Walking With Dino: Part 5
The basketball is beyond over-inflated. When I dribble it, it bounces almost above my head. The kid who makes the bags from the discarded life jackets and pieces of boat and I are shooting hoops at Pipka while the Afghanistan girl takes a break from riding in circles on the court. Right next to us, the members of the local tennis club are playing their Saturday afternoon matches. A woman is wearing a white shirt with neon red shorts and multi-colored tennis sneakers. She is working on her serve.
My new basketball-playing friend can’t shoot. He is coordinated, but he doesn’t understand how. He puts the ball above his head and then jumps up a bit and shot puts it up.
“I am terrible.” He tries again.
I am rebounding for him – he sometimes hits the rim. Sometimes, it goes over, sometimes flies under and I dig it out of the scrub brush that is growing around the court. The net on the rim is relatively new as is the basketball so someone must have recently donated it. It’s a dark brown Spalding ball covered in a lot of dust.
“Where are you from?”
“Where are you going?”
“Somewhere better. Go in!” This one hits the rim and has a chance, but doesn’t go in and he passes me the ball.
I take a short shot and make it. He smiles and sighs.
“How old are you?” I ask him.
“Nineteen.” The ball ends up in a small tree by the court as I fish it out, I ask.
“What do you want to do?”
“I want to learn how to read, I never went to school, I had to work.”
“Did you play basketball in Pakistan? Or soccer? Football?”
“No I worked.” He lines up a shot from five feet. He lifts up and pushes and the ball makes it halfway to the rim. We look at each other. He dribbles the ball when I give it back to him. It goes off his foot and back in the bush. I laugh and tell him:
“You are terrible.”
He laughs even harder and we keep going.
Moria used to be a side of a hill, a camp true, but really just a gathering space among the trees where the refugees came, and where men like Dino and Thanassis came to help. Well, Moira is actually a small town north of Mytilini but outside of the town on the side of a rocky hill, the refugees gathered and then it was turned into a camp of sorts and then the NGOs helped the Greek government turn it into a prison.
“This road wasn’t even here, it was just mud.” We are now walking inside of the barbed wire fence, which was built and turned this refugee camp into something much closer to a prison.
“There were just people under the trees, up there down the road, for kilometers and kilometers into the woods and we would just bring food and blankets.”
We are walking past a burned out Mercedes Benz van – the refugees protested at being locked up, then minded some more and then lit a decent portion of the camp on fire.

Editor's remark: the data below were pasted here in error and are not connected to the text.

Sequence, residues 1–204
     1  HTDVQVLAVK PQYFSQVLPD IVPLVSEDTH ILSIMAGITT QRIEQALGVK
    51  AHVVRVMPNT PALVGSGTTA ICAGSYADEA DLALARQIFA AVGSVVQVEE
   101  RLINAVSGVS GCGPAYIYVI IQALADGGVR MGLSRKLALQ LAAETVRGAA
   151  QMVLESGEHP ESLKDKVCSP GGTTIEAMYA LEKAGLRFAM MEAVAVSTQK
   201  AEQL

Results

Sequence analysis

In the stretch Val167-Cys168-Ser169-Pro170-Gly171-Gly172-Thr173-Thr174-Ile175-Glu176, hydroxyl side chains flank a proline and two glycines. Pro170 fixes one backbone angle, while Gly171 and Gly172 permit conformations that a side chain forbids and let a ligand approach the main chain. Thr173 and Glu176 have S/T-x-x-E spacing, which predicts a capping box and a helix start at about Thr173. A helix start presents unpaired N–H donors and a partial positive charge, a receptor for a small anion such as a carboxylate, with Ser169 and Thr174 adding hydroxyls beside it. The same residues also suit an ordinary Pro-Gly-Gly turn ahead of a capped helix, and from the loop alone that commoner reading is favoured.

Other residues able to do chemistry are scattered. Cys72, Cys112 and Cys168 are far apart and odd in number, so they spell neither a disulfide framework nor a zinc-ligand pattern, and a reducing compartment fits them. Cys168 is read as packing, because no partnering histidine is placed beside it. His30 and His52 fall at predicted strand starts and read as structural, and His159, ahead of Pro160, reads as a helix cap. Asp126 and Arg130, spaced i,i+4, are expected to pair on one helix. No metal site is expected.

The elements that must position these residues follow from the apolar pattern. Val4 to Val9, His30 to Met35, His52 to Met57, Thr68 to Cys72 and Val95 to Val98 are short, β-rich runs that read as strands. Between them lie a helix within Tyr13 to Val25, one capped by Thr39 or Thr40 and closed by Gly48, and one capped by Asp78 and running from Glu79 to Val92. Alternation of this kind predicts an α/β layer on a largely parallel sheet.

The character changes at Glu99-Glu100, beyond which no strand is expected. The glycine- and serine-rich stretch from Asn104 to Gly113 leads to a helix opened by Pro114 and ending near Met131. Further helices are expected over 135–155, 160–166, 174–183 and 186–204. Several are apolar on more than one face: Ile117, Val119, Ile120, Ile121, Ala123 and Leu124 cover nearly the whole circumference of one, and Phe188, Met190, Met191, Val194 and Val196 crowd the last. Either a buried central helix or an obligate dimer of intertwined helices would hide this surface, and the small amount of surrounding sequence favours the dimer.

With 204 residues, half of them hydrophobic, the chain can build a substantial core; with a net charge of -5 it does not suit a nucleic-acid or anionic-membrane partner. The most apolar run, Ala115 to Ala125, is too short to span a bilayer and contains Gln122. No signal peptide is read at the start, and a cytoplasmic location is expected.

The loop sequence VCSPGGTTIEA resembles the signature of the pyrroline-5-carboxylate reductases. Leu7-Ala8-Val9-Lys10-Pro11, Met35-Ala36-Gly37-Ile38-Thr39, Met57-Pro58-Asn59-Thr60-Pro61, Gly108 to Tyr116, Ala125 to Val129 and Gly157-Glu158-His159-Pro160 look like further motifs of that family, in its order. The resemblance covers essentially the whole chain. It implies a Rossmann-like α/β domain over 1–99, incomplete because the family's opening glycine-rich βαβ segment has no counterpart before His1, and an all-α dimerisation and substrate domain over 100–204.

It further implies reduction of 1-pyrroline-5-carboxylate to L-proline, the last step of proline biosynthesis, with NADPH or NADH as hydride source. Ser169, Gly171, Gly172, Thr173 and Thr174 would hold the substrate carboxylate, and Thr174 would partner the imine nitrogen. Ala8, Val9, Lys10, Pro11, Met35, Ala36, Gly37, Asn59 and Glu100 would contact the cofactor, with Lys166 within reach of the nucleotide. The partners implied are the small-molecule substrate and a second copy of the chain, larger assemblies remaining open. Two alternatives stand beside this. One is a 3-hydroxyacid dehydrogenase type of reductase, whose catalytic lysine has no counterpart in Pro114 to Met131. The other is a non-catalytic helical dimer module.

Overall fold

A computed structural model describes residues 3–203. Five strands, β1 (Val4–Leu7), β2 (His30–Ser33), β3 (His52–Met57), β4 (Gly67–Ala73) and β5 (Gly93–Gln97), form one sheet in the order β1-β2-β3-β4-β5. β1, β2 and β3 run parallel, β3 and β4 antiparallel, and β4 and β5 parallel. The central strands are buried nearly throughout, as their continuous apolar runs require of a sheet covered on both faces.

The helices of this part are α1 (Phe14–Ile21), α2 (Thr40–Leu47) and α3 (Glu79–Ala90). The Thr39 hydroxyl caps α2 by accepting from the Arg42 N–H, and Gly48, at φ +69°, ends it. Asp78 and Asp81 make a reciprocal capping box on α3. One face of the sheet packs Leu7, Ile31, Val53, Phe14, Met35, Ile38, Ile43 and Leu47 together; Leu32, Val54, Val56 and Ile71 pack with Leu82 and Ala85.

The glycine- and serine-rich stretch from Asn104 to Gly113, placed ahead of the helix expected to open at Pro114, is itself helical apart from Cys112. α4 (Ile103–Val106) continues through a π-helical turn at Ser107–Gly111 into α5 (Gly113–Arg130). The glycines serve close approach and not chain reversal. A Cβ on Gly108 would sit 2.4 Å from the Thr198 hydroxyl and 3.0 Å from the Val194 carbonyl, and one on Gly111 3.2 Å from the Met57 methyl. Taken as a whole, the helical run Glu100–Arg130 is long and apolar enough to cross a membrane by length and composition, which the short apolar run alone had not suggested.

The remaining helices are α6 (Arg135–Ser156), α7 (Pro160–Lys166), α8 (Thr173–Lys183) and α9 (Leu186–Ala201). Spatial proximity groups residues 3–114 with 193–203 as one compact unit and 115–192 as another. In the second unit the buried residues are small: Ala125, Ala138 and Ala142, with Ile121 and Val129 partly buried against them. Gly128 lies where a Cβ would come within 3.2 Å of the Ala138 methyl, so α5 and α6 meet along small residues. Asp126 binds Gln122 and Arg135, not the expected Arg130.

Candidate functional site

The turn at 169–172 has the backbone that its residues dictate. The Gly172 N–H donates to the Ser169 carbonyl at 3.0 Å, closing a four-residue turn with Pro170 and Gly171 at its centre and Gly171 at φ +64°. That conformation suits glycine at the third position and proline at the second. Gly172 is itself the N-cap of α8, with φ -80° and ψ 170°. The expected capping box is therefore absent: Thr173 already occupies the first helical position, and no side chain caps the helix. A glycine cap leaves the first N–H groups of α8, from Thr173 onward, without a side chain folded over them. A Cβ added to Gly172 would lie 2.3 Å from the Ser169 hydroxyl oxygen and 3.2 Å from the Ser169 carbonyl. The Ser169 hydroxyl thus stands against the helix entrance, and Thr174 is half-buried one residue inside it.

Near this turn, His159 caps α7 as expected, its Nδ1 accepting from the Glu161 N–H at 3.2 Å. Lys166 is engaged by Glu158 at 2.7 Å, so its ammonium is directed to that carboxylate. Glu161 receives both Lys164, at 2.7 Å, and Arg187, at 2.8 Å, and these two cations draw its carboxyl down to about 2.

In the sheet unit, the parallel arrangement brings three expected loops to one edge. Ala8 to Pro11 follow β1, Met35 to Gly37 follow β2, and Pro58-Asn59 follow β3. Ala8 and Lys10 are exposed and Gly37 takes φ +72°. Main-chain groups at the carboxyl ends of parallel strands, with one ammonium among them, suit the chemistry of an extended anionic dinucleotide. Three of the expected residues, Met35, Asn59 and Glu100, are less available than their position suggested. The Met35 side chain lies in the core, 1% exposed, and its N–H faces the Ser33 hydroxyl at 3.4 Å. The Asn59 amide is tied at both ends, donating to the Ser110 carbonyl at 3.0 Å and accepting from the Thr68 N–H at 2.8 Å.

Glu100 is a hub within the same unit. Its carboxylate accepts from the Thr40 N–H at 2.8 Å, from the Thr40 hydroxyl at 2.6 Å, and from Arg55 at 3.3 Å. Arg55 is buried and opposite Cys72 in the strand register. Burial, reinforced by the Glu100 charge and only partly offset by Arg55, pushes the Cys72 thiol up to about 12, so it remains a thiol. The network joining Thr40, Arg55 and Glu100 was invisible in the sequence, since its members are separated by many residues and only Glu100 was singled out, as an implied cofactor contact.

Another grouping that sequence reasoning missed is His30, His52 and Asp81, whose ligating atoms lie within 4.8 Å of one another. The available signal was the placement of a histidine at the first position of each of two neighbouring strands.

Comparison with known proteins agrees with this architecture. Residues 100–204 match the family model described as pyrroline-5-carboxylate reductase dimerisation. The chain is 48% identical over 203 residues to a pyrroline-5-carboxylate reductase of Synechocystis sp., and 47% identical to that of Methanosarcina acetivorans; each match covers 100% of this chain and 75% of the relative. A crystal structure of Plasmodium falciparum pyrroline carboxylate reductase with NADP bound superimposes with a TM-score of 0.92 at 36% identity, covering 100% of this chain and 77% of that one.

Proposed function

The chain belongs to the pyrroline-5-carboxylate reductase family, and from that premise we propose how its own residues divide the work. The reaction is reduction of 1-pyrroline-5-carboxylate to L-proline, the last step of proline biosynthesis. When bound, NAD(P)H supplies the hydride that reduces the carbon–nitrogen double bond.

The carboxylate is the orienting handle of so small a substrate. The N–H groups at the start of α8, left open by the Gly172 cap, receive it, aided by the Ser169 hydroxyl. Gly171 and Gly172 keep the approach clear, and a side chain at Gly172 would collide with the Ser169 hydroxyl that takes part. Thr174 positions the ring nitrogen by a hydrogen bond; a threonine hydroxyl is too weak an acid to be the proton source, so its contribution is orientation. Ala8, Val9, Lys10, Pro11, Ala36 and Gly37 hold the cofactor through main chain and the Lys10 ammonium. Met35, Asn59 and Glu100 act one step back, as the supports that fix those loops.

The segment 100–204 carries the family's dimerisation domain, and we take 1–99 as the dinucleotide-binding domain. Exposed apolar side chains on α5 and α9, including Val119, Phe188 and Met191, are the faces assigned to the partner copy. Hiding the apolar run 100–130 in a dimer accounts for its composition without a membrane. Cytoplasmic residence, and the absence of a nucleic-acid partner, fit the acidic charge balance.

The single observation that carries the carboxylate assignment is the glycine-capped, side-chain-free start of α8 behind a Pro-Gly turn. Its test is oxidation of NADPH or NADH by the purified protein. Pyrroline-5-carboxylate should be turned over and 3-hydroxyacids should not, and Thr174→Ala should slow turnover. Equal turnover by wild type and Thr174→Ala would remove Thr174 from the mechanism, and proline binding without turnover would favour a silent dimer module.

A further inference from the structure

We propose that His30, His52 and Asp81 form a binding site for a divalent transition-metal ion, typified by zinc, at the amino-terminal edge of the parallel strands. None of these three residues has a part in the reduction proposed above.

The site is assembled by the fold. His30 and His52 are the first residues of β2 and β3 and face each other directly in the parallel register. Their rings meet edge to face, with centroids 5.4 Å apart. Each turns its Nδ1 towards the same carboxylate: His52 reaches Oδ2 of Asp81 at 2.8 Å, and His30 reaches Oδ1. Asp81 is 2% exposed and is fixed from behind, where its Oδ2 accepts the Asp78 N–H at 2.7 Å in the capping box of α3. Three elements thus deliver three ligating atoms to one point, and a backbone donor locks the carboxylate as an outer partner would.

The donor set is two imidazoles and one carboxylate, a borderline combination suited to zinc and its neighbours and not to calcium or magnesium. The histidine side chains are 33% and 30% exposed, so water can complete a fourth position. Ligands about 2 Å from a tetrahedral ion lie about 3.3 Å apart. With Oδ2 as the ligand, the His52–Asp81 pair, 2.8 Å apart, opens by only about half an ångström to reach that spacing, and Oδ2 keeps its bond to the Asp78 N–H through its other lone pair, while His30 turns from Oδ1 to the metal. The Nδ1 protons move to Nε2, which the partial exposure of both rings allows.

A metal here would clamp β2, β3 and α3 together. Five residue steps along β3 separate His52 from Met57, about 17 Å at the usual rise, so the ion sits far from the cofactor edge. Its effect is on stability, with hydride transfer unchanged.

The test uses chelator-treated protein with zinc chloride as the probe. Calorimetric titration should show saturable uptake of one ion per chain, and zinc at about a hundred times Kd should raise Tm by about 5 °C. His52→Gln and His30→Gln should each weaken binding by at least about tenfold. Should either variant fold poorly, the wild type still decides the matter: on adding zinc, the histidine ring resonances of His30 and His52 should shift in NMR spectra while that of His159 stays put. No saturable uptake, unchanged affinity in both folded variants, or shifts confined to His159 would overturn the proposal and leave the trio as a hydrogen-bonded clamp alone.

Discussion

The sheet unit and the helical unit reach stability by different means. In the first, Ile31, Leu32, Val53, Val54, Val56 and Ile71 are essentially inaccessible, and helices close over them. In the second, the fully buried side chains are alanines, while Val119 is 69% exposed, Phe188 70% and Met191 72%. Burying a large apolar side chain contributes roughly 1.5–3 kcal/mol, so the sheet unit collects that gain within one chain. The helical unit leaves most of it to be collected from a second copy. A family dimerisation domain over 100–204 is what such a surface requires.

“This is the Afghanistan part of the camp and the Africans are down there and the Syrians over there.” The camp, as camp goes, is new and pretty clean. Dino is forever shocked, saddened annoyed at a world that would let people drown in the sea and live in camps – I am a bit more used to it and as refugee camps go, this is a pretty nice one but there is a problem. The police and camp headquarters look a bit too permanent to me – the barbed wire is taller than it needs to be – even the concrete that’s been poured all suggest that this is less a camp for people to pass through on their way to a better place and more a place to house them forever.
“This hill right here, I pushed a man up in a wheelchair in the mud.” Now, the hill is a concrete road. On our right is the registration center.
“Please do not stand in line until your number is called.”
To our left are burned down tents and burned out furniture. It got burned when there was a riot last week along with the van. Newspaper reports said the people here were chanting, ‘we’re refugees not criminals.’ We wander down to where the Africans live and everywhere we see their point.
“Where are you from ?” I ask a group standing as they watch us come.
“Any Kenyans here?”
We walk on and see where Dino saved a man who was going into diabetic shock. The guards let us by and push everyone else into the back of the line.
“I have no idea what they are waiting for, it’s not food, medicine maybe?”
There also is a complicated system separating those who arrived before March 20 and those that didn’t and those that can be political asylum and those don’t qualify. It’s a land of barbed wire, concrete, pop up tents, and paperwork.
“For the first 25 days you are locked up and after that you can come and go.”
“Why 25 days?”
“Who the hell knows…”
We come to the juvenile part of the camp. Its double chain link walls and extra high barbed wire. The buildings again seem a bit too permanent and there are police here.
“I can’t believe how different this is.” The professional NGOS moved in here and built a city where a camp had been. It’s organized and efficient and concrete replaced mud and water but it is still exactly what it is.
“I was right here when this boy came up to me in the dark and he said ‘welcome to hilllll. Hell, that’s what this place was, hell.”
Still is. Might have even gotten worse – back then there wasn’t any barbed wire in hell.
This story was written by James Cannon Boyce, who has contributed to Longevity before. Keep an eye out for part 6 in the “Walking with Dino” series.
Walking The Earth is a creative expedition designed to shine a light on people worth supporting and places worth saving. As we journey the world, we also share our authentic travel experiences and recommendations. Dino is still living in Lesvos, still teaching yoga and his studio is going well.